This paper describes a pilot study about children’s perspective on environmental sustainability in the home through the drawing-telling technique. We utilize the drawing-telling technique as described by Susan Wright [6] for interviewing children about issues related to sustainability. The participants (children from age 10 to 13) were asked to draw two houses (current and ideal) and then describe their drawings in terms of sustainable actions and features. This pilot study is an initial step to investigate if there are opportunities to develop eco-visualizations (EVs) with children in mind and shows that the drawing-telling technique is useful in researching sustainability and children.

Document type: 
Article
File(s): 

Understanding repair as a creative process of everyday design

Peer reviewed: 
Yes, item is peer reviewed.
Date created: 
2011
Abstract: 

This paper presents the findings from an exploratory study that looks at how creativity plays a role in the repair and reuse of objects in the home. We are interested in a particular form of creativity that manifests in the everyday – what John Dewey [8] describes as a constant doing and undergoing, as we actively adjust to everyday situations. The goal of this study is to show evidence of repair as not only an act of restoration, but also as an act of creativity that entails the repurposing and resourcing of objects. This study is part of a larger research initiative known as the Everyday Design, where it is believed that everyone is a designer and that design is an ongoing activity that includes the repair, modification, and appropriation of design objects and systems. Furthermore, this study serves as baseline research for future investigations in how to inform the design of technologies whose lifecycle can be extended for various contexts of use through repair.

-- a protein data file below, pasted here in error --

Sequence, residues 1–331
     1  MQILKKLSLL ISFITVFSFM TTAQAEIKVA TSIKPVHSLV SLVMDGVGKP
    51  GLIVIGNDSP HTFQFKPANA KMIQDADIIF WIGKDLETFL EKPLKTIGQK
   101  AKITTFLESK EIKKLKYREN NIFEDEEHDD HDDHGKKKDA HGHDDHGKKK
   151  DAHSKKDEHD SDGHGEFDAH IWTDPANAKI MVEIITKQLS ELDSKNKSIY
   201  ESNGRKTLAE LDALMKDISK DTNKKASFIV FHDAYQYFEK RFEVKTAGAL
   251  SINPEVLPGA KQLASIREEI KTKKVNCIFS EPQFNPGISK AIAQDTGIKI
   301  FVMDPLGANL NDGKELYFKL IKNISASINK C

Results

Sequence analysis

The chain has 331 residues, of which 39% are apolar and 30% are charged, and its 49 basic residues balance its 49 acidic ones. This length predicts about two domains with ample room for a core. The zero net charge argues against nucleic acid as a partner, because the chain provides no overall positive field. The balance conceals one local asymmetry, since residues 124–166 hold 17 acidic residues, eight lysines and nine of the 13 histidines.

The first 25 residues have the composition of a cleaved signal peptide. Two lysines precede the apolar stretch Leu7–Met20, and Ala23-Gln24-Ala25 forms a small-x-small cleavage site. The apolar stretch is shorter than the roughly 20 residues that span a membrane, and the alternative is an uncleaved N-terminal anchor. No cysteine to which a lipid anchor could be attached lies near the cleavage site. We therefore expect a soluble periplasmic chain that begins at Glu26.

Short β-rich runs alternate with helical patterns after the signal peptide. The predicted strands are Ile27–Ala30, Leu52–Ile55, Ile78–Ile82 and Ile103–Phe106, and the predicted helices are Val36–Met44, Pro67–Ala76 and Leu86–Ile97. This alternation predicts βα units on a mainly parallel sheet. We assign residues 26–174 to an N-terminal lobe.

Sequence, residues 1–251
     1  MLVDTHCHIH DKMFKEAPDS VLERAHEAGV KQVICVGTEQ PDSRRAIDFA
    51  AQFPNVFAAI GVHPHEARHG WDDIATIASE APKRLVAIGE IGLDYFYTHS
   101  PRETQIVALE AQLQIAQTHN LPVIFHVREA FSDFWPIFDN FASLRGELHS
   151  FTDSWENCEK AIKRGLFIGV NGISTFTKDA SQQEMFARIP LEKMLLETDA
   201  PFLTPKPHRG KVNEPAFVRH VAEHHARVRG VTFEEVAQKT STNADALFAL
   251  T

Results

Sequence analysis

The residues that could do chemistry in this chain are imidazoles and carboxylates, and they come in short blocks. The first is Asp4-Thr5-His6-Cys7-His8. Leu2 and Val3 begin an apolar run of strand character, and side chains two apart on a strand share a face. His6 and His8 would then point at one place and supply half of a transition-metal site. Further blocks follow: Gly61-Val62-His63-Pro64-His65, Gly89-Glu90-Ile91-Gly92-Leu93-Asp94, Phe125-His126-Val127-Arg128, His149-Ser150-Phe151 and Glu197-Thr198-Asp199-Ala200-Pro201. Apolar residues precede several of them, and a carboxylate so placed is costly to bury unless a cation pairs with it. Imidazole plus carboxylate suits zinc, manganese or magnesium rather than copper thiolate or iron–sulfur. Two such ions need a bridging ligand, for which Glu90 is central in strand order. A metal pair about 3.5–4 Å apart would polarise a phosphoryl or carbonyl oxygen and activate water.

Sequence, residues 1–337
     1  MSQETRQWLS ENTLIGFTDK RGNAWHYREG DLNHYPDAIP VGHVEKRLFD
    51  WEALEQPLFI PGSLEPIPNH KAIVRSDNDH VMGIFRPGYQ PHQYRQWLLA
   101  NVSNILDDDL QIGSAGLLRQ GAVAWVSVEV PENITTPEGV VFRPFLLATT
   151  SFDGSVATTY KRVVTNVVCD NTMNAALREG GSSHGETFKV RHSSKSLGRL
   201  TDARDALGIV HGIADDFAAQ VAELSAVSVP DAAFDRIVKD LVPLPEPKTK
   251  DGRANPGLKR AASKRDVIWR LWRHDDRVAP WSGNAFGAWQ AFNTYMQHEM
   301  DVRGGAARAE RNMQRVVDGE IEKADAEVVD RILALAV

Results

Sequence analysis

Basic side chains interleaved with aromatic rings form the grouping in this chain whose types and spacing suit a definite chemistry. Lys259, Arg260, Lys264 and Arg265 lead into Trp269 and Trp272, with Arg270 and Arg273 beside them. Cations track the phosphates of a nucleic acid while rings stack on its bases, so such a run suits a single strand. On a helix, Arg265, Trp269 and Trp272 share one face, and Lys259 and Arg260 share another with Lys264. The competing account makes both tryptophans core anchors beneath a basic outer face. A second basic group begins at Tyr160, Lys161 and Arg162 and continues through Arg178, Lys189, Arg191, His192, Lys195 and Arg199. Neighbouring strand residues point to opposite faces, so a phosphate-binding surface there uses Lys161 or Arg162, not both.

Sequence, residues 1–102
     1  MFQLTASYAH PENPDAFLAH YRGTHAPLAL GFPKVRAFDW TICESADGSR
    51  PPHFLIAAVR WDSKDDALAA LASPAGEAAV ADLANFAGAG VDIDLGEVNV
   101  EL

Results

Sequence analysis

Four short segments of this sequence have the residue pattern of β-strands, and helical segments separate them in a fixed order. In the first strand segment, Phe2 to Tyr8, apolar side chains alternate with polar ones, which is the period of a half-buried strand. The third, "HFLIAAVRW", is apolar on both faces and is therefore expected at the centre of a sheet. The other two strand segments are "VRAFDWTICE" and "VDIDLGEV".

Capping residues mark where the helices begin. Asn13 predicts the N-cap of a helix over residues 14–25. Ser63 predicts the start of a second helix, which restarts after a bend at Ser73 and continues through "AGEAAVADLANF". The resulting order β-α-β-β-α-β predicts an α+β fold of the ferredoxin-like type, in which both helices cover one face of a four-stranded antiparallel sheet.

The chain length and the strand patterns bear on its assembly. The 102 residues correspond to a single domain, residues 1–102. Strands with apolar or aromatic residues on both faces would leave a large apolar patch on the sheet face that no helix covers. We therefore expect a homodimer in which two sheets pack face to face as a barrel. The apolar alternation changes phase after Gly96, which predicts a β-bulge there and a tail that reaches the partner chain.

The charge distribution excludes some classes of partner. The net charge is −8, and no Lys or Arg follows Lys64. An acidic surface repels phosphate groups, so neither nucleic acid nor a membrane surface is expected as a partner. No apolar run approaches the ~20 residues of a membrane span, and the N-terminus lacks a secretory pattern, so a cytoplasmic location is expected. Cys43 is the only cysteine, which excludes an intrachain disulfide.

Document type: 
Article
File(s): 

Socio-ec(h)o: Focus, listening and collaboration in the experience of ambient intelligent environments

Peer reviewed: 
Yes, item is peer reviewed.